On 6 October 2017, the Hong Kong Monetary Authority (HKMA) issued a circular to announce the publication of two revised Supervisory Policy Manual (SPM) modules, namely CG-1 “Corporate Governance of Locally Incorporated Authorised Institutions” (CG-1) and IC-1 “Risk Management Framework” (IC-1). Revisions were made to the modules to incorporate guidelines issued by the Basel Committee on Banking Supervision (BCBS) and the Financial Stability Board (FSB) on corporate governance and risk management principles, thereby bringing Hong Kong more into line with international standards.  

Impacted authorised institutions (AIs) will be expected to implement the new requirements with effect from 1 January 2018.

Corporate governance and senior management accountability continue to be hot topics in Hong Kong (as well as globally) since the Securities and Futures Commission (SFC) issued its circular on the Manager in Charge regime in December 2016 (please see our briefing on this topic here). The HKMA has also issued the following guidance in relation to corporate governance:

  • circular providing further guidance on the empowerment of Independent Non-Executive Directors (INEDs) in the banking industry in Hong Kong dated 14 December 2016 (please see our briefing on this topic here);  

  • circular providing guidance to AIs on developing and promoting a sound corporate culture dated 2 March 2017; and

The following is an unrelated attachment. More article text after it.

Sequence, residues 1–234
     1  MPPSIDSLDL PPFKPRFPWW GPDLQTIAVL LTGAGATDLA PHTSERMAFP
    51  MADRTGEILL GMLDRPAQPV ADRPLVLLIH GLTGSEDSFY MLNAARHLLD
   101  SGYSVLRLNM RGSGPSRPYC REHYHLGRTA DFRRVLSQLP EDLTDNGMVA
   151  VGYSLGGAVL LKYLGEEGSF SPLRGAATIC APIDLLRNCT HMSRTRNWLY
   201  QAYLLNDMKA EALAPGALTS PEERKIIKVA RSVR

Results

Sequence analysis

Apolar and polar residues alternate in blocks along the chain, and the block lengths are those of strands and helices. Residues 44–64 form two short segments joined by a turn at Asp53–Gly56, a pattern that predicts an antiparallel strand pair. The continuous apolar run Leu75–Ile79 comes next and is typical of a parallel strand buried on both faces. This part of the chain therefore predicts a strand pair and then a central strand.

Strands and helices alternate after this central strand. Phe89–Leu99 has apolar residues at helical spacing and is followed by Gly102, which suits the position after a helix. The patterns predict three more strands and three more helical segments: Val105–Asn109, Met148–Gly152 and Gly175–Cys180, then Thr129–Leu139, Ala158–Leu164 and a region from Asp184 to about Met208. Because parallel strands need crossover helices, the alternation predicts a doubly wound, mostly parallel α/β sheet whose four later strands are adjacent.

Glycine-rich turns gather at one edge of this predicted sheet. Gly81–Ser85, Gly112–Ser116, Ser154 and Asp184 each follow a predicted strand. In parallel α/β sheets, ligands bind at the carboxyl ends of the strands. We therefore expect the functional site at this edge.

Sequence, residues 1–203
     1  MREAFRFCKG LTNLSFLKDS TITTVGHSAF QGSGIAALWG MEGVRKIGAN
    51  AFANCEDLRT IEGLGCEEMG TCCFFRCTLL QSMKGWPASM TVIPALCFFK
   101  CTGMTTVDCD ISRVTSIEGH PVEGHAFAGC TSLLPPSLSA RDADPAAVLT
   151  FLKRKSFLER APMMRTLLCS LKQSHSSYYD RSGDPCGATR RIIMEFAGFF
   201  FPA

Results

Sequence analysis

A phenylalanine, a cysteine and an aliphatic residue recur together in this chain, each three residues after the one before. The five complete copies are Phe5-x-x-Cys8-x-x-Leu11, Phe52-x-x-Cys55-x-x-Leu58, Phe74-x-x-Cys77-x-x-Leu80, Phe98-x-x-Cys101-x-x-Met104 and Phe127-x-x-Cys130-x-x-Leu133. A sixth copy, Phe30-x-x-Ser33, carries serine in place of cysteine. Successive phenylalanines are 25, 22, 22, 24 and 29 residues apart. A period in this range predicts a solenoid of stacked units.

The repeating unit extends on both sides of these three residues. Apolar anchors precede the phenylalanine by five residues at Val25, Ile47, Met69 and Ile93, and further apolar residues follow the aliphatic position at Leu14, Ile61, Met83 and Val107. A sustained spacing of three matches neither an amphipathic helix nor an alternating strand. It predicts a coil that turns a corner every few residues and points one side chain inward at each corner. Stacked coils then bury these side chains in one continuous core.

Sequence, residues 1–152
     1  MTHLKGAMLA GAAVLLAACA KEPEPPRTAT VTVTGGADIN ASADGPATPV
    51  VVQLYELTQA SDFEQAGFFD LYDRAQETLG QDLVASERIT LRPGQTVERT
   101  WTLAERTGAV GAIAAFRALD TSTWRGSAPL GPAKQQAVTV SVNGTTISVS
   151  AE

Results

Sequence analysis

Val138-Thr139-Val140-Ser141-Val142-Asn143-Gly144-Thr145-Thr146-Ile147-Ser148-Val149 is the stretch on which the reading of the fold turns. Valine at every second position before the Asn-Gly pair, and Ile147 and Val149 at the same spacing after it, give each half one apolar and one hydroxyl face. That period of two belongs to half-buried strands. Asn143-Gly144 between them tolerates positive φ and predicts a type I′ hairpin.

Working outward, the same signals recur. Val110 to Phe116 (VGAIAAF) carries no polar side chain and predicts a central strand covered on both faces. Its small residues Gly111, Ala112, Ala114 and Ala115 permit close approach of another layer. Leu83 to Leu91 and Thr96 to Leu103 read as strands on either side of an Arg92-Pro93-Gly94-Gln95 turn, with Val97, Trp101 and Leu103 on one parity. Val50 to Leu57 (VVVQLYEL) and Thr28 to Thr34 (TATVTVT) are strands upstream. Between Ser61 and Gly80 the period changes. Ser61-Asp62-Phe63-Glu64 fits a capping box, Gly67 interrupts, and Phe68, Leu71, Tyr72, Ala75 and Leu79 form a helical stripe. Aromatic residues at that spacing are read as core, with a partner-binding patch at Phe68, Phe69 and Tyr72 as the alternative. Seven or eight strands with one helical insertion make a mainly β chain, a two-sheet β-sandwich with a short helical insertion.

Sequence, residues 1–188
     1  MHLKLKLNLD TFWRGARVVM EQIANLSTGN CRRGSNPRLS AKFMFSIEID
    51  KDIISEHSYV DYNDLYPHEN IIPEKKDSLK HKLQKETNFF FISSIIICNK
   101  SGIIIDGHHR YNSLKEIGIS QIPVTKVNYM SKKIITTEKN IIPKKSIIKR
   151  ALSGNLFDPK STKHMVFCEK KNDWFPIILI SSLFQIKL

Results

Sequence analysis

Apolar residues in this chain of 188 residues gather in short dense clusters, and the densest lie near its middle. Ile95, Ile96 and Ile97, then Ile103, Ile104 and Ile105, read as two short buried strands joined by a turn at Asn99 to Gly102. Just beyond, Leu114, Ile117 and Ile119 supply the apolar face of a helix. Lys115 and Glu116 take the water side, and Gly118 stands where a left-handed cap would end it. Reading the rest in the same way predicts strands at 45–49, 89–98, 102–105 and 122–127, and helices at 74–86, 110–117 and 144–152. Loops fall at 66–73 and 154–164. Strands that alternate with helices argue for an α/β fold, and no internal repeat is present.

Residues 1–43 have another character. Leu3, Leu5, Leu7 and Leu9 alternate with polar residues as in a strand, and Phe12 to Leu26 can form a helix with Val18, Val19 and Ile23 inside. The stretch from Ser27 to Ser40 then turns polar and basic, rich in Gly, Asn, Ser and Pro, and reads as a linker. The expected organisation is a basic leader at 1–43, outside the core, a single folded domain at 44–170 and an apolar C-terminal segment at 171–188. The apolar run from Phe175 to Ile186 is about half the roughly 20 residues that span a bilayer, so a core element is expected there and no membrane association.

• circular launching a new On-boarding Programme for INEDs of locally incorporated AIs dated 11 October 2017.


CG-1 applies to locally incorporated AIs but some of the guidelines will serve as a helpful reference guide to AIs incorporated outside of Hong Kong.

In CG-1, the HKMA has provided more elaborate guidance in relation to the following areas:

  • the responsibilities of the board and senior management;

  • the role of the chair and the appropriate composition of INEDs as members; and

  • the governance issues in group structures, in the case where an AI acts as the parent company or is a regulatory subsidiary of an overseas-incorporated group.

We set out below some examples of the enhanced guidance.

Responsibilities of the board and senior management

  • The board should be actively engaged in the affairs of the AI and cognisant of material changes in the AI’s business and the external environment in which the AI operates (paragraph 2.1.1).

  • An AI should have an effective risk management framework containing a set of robust risk governance arrangements and an effective risk appetite framework (see IC-1) (paragraph 2.4.1).